THE ROAD TO THE WHITE HOUSE: Grass-roots workers have the last chance to sway Iowa results
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DES MOINES, Iowa -- The applause grew as Democratic Sen. Barack Obama of Illinois called out the litany of his Polk County precinct captains in his first rally of the New Year.
"I love these guys," Mr. Obama said, gesturing toward the young people -- men and women; black, white and Asian -- who stood smiling behind him. "They look like a Benetton ad," he joked.
The presidential candidates planned to criss-cross the state today, continuing a frenzy of last-minute campaigning. But by 6:30 this evening, they will have done everything they could to court Iowa's support. Then, in 1,781 precincts across the state, activists like those who joined Mr. Obama on stage will have the last crucial opportunity to deliver a win for their candidates.
At another rally last week nearby Carlisle, former President Bill Clinton called for a show of hands from the precinct captains in the crowd packing a middle school gymnasium for a rally on behalf of his wife, Democratic Sen. Hillary Rodham Clinton of New York. "I don't want to put any pressure, but the future of the free world is on your shoulders," the former president said, with a degree of irony that was tough to determine. "We're all out there hanging on the thread of your efforts."
While most Iowa Democrats will have made up their minds before they arrive at tonight's caucuses, bartering and maneuvering during the community meetings can alter the totals at the margins -- enough, perhaps, to reorder the results of an agonizingly close race here, and, with it, the overall dynamics of the road to the White House.
The task of the ground troops is simpler but equally crucial for Iowa's Republicans, whose caucuses, with their straightforward voting, more closely resemble a traditional primary or straw poll. For the GOP, the job of the grass-roots organizers ends when voters get to the door. But their pre-caucus organizing, targeting and identification of supporters parallels the Democratic efforts.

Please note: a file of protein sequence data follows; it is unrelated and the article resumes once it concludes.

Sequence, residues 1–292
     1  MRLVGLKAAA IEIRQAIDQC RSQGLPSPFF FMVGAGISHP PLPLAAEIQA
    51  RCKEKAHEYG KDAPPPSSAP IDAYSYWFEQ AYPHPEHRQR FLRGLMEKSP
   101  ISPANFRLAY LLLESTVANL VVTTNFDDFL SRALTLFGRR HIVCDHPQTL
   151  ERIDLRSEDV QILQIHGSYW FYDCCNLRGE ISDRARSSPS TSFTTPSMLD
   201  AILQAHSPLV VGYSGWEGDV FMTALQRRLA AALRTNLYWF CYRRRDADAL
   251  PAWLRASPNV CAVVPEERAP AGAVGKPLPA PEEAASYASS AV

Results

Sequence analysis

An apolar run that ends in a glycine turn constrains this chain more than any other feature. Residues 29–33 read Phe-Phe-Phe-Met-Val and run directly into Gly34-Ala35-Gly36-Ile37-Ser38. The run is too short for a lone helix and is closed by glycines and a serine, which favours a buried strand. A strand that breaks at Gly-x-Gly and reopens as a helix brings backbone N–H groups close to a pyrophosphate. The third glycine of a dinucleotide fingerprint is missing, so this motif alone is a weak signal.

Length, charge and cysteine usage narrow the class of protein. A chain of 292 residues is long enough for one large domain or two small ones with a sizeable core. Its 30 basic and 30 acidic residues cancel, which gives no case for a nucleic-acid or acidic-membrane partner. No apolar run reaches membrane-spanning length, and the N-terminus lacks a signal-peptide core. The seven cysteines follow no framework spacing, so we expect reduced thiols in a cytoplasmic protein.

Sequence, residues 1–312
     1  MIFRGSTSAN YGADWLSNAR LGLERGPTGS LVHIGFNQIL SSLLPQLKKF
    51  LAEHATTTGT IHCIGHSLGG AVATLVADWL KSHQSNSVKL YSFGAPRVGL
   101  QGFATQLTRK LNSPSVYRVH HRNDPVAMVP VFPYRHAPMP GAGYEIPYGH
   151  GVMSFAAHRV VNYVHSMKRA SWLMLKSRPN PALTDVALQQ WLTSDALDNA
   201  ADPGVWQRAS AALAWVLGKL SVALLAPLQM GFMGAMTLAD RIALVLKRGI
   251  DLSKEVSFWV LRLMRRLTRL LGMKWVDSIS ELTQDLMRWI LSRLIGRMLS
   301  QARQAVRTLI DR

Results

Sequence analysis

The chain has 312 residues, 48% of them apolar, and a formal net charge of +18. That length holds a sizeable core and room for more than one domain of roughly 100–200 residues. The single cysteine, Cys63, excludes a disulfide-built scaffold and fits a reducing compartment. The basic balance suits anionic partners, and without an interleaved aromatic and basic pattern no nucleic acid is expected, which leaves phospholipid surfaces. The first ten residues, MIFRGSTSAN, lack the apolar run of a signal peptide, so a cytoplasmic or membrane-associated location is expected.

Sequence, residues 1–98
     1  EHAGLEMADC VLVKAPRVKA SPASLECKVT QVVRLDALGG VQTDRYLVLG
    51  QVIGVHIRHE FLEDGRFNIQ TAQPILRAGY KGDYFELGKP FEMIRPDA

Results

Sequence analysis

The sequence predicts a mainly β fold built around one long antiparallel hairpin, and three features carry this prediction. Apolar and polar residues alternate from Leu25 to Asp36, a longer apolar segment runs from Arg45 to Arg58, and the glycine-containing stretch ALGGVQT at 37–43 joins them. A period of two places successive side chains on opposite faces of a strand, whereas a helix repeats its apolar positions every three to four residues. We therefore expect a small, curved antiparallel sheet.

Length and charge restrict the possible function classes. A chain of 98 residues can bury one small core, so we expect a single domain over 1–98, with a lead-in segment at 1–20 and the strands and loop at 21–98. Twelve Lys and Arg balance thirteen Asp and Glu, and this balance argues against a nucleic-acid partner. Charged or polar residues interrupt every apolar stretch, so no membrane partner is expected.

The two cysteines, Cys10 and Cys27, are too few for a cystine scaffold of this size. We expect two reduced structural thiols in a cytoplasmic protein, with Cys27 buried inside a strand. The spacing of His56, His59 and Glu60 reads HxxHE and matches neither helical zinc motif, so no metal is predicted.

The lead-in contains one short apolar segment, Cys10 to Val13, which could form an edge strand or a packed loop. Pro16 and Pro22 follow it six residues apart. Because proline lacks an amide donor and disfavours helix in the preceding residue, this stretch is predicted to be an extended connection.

On both sides, the key to caucus success, as an Iowa political mantra has it, is to "organize, organize, organize -- and get hot at the end."
All day yesterday, at places like the Downtown headquarters of Republican former Arkansas Gov. Mike Huckabee and the suburban campaign offices of Republican former Massachusetts Gov. Mitt Romney, banks of phones reached out to voters and urged them to show up at tonight's community meetings.
Mr. Romney has built an organizational effort that even opponents acknowledge is the deepest of the GOP field. Mr. Huckabee, the party's other leading contender in Iowa, is depending on the more diffuse efforts of voters organized outside the formal campaign structure, in groups such as evangelical Christians and home-schoolers.
The three Democrats leading in polls have also established ground games with reputations -- to be tested tonight -- as the most extensive and expert in the 36-year history of the modern caucuses.
Still, organizations divorced from basic political appeal are bricks without straw, as the experiences of former Vermont Gov. Howard Dean and former Missouri Rep. Richard Gephardt demonstrated four years ago.
Both Democrats had well-funded and what were perceived to be well-prepared organizations. On a frigid caucus morning, an army of Dean volunteers braved the cold to wave the campaign's blaze orange signs along roadways across the state. But the show of support proved hollow, as Mr. Dean fell to third, while Mr. Gephardt's labor-dominated cadres managed only a disappointing fourth.